Other Sunday Supper Participants
And finally, please check out this week's other Sunday Supper contributors:
We'll all be sharing stories and recipes from our own local food markets and celebrating local produce, so join us Sunday evening at 7 pm for a Farmer's Market twitter chat!
Appetizers & Salads
Garlic Scape Dip from The Girl In the Little Red Kitchen
Onion Bacon Jam with Bread n' Kale from Gotta Get Baked
Kale & Pepita Pesto from girlichef
Garden Quinoa Salad from The Urban Mrs
Grilled Cherry Tomato and Goat Cheese Salad from Pescetarian Journal
Watermelon-Feta Salad with Pomegranate Drizzle from The Weekend Gourmet
Soups & Sides
Watermelon Gazpacho from Jane's Adventures in Dinner
Classic Gazpacho from Curious Cuisiniere
Pea Soup from Small Wallet, Big Appetite
Pickled Garlic Scapes from kimchi MOM
Cheesy Zucchini Hodge Podge from Cupcakes & Kale Chips
Succotash from Magnolia Days
3 Easy Japanese Spinach Recipes from NinjaBaking.com
Michigan-Made Meal with Seasoned Potato Chips from Foxes Love Lemons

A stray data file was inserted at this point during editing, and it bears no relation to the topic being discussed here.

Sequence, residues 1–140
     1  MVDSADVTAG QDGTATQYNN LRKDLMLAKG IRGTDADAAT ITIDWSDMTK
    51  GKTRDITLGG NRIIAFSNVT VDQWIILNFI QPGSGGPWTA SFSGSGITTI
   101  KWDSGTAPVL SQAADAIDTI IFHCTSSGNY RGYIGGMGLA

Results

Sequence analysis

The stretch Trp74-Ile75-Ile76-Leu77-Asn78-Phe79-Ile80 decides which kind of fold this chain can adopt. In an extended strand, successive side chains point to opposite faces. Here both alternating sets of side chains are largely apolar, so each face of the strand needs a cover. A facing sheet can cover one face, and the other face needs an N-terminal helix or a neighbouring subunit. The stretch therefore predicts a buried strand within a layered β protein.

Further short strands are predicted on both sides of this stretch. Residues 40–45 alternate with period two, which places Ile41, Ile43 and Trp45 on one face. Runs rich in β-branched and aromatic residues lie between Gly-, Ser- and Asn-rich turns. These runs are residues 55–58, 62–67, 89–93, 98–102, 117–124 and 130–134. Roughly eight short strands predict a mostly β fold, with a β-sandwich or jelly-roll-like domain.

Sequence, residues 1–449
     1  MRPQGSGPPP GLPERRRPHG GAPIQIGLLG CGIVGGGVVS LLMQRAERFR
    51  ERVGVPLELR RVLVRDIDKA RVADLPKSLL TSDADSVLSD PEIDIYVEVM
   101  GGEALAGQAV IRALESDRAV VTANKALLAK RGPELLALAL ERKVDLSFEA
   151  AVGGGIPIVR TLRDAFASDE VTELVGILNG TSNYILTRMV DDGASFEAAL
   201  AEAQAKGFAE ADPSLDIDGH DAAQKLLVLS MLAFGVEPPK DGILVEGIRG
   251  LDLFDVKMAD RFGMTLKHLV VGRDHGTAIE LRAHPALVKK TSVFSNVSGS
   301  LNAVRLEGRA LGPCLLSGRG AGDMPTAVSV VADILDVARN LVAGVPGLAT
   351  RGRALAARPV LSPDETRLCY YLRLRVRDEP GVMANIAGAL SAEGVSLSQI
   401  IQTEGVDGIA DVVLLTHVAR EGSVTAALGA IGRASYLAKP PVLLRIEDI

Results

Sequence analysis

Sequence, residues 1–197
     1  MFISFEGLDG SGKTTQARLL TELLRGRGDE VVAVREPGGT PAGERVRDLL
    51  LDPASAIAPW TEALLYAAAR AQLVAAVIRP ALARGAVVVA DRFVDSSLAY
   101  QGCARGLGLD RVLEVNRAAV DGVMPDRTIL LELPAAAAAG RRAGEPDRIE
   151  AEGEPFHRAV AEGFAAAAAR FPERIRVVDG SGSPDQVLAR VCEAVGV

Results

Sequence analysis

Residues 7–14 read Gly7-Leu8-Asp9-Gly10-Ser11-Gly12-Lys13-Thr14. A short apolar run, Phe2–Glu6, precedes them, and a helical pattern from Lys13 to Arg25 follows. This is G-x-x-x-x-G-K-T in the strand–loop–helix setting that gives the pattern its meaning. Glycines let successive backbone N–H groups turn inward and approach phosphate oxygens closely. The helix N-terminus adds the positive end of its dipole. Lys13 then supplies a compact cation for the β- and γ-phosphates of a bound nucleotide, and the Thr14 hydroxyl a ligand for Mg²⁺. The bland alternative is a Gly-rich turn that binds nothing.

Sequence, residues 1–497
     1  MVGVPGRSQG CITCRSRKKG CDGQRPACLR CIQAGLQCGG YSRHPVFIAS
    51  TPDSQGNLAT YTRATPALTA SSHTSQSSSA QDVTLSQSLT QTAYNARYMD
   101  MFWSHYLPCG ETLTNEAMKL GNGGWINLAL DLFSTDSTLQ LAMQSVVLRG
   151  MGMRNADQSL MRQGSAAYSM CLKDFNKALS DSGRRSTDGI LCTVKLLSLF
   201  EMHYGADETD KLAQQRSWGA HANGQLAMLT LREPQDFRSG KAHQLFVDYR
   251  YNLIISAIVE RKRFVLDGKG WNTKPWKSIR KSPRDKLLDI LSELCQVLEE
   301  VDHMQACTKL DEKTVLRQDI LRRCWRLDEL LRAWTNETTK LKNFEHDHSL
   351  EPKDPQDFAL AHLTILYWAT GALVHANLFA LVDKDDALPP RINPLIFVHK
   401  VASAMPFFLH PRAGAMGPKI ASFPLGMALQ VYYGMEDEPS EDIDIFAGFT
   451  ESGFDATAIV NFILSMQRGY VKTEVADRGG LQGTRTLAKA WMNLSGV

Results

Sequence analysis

Summer Veggie Pizza from Country Girl In The Village
Tomato Pie from The Hand That Rocks The Ladle
Kitchen Sink Vegetable Curry from What Smells So Good?
Margherita Pizza from Growing Up Gabel
Cheesy Zucchini Fritters from Cindy's Recipes and Writings
Three Sauces with Summer Herbs to Transform a Simple Grilled Dinner from Cook the Story
Vegetable Quesadillas from Cookin' Mimi
Mushroom Scallion Risotto from Vintage Kitchen Notes
Summer Linguine with Grilled Vegetables from Neighborfood
Pasta alla Norma Nuda from Juanita's Cocina
Arugula Pizza from Family Foodie
Peach Cobbler from That Skinny Chick Can Bake
Coconut Cherry Bars from Killer Bunnies, Inc
Lightened Up Peach and Blueberry Cobbler from Peanut Butter and Peppers
Cherry and Peach Mini Pies from My Cute Bride
Cranachan from Happy Baking Days
Cherry Brandy Cobbler from The Wimpy Vegetarian
Peach Maple Ice Cream from Pies and Plots
Cherry Clafoutis from Food Lust People Love
Roasted Figs with Caramel, Honey Ice Cream and Aged Balsamic from Crazy Foodie Stunts
Peach Ice Cream Paletas from Basic N Delicious
Gluten Free Sour Cherry Cake from No One Likes Crumbley Cookies
Join the #SundaySupper conversation on twitter today! We tweet throughout the day and share recipes from all over the world. Our weekly chat starts at 7:00 pm EST. Follow the #SundaySupper hashtag and remember to include it in your tweets to join in the chat. Check out our #SundaySupper Pinterest board for more fabulous recipes and food photos.